As activities and athletics are starting back up again, aches and pains will return, as well. The important distinction to make is, am I sore or injured? Here are some general tips on knowing the difference. Please consult a health professional if you have any doubts.

    • Is it affecting your performance? In other words, if the pain is severe enough that you cannot run, skate, jump, or throw properly/at full speed, you should probably get it check out.
    • Is it on both sides? In general, if one quad is sore from your workout, then the other on is likely to be, too. If you are only feeling it on one side, or if it is a localized pain (can pinpoint a specific spot), then it might be more than just soreness.
    • What is the quality of pain? Basically, how would you describe it? Sharp? Achy? Pulling? Dull? Shooting? Depending on your level, you have probably experienced what muscle soreness feels like and can differentiate it from more concerning pain quality. Generally, when pain is described as “sharp” or “pulling”, it’s worth looking into.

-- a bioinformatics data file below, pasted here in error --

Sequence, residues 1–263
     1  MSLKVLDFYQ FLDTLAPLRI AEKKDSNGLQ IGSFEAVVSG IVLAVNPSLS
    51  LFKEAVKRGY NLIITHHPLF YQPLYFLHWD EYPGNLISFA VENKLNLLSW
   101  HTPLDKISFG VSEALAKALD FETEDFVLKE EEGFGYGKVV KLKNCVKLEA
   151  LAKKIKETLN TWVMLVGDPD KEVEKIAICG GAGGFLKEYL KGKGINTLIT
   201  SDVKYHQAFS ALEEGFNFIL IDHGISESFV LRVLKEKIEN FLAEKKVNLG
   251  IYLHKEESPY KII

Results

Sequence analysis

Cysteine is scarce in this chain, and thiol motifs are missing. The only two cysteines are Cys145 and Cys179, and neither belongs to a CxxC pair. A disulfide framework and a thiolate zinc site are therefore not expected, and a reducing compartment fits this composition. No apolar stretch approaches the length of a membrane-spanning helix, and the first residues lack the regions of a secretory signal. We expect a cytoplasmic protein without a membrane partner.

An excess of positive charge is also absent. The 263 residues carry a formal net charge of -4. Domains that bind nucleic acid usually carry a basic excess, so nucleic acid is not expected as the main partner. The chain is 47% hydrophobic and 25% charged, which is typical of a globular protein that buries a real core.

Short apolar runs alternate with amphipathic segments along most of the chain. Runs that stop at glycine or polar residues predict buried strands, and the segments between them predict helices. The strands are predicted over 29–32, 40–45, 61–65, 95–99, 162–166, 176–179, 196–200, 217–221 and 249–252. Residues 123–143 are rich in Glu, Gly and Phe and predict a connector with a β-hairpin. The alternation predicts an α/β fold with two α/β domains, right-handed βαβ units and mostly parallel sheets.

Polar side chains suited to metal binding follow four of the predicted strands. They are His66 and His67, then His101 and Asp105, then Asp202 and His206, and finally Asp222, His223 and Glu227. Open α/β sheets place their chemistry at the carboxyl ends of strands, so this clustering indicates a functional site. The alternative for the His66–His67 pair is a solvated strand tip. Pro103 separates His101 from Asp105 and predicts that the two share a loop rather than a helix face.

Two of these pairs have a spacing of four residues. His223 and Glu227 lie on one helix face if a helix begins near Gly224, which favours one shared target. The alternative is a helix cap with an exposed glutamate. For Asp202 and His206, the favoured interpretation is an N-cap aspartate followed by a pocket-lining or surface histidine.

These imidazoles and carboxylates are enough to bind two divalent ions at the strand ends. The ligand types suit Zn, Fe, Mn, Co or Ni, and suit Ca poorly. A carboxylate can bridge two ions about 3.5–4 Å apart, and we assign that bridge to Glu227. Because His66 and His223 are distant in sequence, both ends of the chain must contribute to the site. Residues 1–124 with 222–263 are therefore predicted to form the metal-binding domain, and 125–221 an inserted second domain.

• Does activity/stretching provide relief? Gentle stretching and movement may help relieve muscle soreness after a heavy bout of training. If activity aggravates the pain, or if it is continuous and worsening after a light warm-up, then you may have an injury.
    • Is it getting better? Benign soreness will typically resolve within a few days. If after a rest period you try to resume activity and the pain persists, you may have an injury.
    • When in doubt, get it checked out. Everyone experiences pain differently, and so there are no one-size-fits-all rules for differentiating between soreness and pain. If you have any questions, just play it safe and get in touch with a healthcare provider such as an Sports Medicine Physician, Athletic Trainer or Physical Therapist. Even if you do not have an injury, they may have some tips for how to relieve your symptoms and potentially prevent excessive soreness in the future.

Jenna Janadi is a certified athletic trainer and graduate of Plymouth State University, where she received her Master’s in Athletic Training. Jenna is on staff at Compete Sports Performance and Rehab in Orange County, CA.